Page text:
The Democrats are doing a pretty good job of mimicking the cowardly lion in "The Wizard of Oz." They lack courage and, while we're at it, could also do with a good dose of righteous anger. If the shoe was on the other foot and Trump had lost the election but won the popular vote by almost 3 million; if the FBI had muddied the waters at the last minute with a groundless investigation of him; and if WikiLeaks had serially released embarrassing emails hacked from the Republican National Committee's server, all hell would have broken lose within the GOP and right-wing media.

Now, add to this hypothetical scenario the report issued by our intelligence services that the hostile government of Russia was behind the email hacking because it favored Clinton. To compound matters even more, also include the evidence that some of the "fake news" that impacted the election could be traced to the Kremlin. This string of onerous events would have triggered Republican caterwauling that raged from sea to shining sea and continued until well after the inauguration.


Instead, what we got was a less-than-furious response from the Democrats. Seven Democratic senators on the Senate intelligence committee politely requested more information "concerning the Russian Government and the U.S. election" and wanted it to be declassified and released to the public. Can you feel the anger? Three Democratic Senators — Benjamin L. Cardin of Maryland, Dianne Feinstein of California and Patrick J. Leahy of Vermont — called for the creation of an independent, nonpartisan commission to investigate Russian interference in the election. Senate majority leader Mitch McConnell, R-Kentucky, anxious to curry favor with the president-elect and not wanting to delegitimize his election, has blocked any such commission.

To his credit, Rep. Adam Schiff, D-California, did charge that the one-sided leaking of emails proved "The Russians were … seeking to damage Secretary Clinton, and in so doing, assist their preferred candidate, Donald Trump."

Perhaps, the lack of passion from Democrats can be traced to President Obama, ever the cautious one. When he first learned of the Russian hacking in September, he told Vladimir Putin to, quote, "Cut it out." At the time, Obama's main concern was that our voting systems weren't hacked as well. As Election Day drew near, he then feared that any announcements or actions about the hacking might unfairly favor the Democratic Party. Can you imagine a Republican president having such a concern?

In retrospect, when Obama first learned of the hacking in September, he should have publicized it and then clandestinely ordered a hack of the Russian electrical grid that would have caused the lights to flicker in Red Square. That's the only kind of language Putin understands.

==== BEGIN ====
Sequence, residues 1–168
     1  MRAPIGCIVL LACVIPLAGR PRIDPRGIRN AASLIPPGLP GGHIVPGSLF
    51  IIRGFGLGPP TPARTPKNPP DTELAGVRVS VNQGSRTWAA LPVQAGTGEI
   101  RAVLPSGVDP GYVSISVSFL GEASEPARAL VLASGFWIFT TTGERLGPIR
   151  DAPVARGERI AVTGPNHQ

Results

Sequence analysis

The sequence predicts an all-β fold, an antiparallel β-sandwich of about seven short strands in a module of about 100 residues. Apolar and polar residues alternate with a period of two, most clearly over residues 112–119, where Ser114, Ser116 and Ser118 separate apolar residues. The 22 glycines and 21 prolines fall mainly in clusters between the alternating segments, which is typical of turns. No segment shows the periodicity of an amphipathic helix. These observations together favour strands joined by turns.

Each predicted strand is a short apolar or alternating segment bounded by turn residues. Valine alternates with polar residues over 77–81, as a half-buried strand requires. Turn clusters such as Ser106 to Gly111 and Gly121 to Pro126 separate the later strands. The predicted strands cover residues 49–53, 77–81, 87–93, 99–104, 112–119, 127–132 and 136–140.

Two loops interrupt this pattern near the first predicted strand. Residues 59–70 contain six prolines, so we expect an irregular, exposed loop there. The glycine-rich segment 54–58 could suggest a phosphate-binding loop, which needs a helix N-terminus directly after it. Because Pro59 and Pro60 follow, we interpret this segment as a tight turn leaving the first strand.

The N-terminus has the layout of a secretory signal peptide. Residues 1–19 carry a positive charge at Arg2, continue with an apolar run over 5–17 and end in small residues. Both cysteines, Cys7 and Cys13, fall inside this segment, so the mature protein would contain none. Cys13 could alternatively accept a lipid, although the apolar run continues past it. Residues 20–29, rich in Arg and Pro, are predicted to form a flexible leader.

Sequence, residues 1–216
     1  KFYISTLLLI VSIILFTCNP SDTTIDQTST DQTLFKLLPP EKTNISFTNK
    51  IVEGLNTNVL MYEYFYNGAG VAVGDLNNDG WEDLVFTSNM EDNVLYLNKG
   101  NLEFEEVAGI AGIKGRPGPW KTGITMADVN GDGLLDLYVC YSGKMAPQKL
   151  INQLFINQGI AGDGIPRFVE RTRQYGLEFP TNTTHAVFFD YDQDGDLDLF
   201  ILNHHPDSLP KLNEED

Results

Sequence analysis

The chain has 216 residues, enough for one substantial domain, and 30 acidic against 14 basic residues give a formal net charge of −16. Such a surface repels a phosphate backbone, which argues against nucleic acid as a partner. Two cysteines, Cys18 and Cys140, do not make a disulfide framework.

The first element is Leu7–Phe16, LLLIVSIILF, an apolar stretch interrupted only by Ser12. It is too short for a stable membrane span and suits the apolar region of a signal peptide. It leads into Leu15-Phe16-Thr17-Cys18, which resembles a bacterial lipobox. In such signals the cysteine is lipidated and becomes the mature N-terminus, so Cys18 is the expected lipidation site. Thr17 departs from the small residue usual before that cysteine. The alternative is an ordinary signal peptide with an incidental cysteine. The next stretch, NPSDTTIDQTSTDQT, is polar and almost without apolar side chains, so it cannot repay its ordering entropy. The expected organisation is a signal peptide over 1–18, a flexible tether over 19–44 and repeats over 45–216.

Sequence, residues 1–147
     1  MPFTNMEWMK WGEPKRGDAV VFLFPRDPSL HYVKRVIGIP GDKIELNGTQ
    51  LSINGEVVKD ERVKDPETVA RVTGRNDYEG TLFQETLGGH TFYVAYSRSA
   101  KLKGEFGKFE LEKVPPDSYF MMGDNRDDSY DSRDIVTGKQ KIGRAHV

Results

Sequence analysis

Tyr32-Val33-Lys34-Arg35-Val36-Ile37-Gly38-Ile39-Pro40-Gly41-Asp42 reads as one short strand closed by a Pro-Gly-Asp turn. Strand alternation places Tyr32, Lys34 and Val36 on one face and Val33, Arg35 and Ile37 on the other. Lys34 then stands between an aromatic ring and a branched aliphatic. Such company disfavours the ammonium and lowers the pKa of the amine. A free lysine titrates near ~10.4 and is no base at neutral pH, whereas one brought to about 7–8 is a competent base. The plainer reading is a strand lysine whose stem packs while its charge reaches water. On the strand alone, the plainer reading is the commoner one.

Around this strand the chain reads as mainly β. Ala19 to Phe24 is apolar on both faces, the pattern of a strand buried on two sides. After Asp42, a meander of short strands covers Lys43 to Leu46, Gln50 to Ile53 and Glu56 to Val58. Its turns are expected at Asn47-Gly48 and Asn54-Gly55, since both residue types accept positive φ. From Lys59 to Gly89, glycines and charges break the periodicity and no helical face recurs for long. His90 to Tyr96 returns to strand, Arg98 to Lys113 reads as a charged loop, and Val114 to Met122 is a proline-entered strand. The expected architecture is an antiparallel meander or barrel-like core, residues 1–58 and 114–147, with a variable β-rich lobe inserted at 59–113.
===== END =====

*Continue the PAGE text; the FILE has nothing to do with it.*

Perhaps predictably, one of the angriest politicians has been a Republican. Senate Armed Services Committee Chairman John McCain, R-Arizona, claimed Russia's meddling in the election amounted to an "act of war," and held a hearing last week on Russia's cyberthreats to American democracy.

Why the Democrats' timidity? For one, they are still shell-shocked over the election results. But more importantly, they lack a fire in their bellies comparable to what members of the GOP Freedom Caucus share. These Tea Partiers arrive in Washington on an urgent mission to change the way it operates and won't brook any obstacles. Unlike Democrats, they understand that you can't bring a knife to a gun fight.

Bernie Sanders proved that the progressive message still resonates, especially among the young. His rallies had a passion that the Democrats need to tap into again in 2018. Only this time, they also have to embrace those disenchanted members of the working class who flocked to Trump in 2016 and have been betrayed.

The larger issue for Democrats is that they lack a cadre of zealous followers who believe in the progressive cause and are willing to run for office. Republicans now hold 33 governorships and control legislatures in 25 states. For the long haul, this is more profound than who is now in the White House or controls Congress. Just as any successful major league baseball team depends on a strong minor league system, Democrats need up-and-coming talent as town mayors and council members, county commissioners and executives, state legislators and governors.

The Democratic National Committee requires a grass-roots effort to recruit the leaders of tomorrow. When it selects its new chairperson in February, building a strong back bench of Manny Machados has to be its biggest priority.

Frank Batavick writes from Westminster. His column appears Fridays. Email him at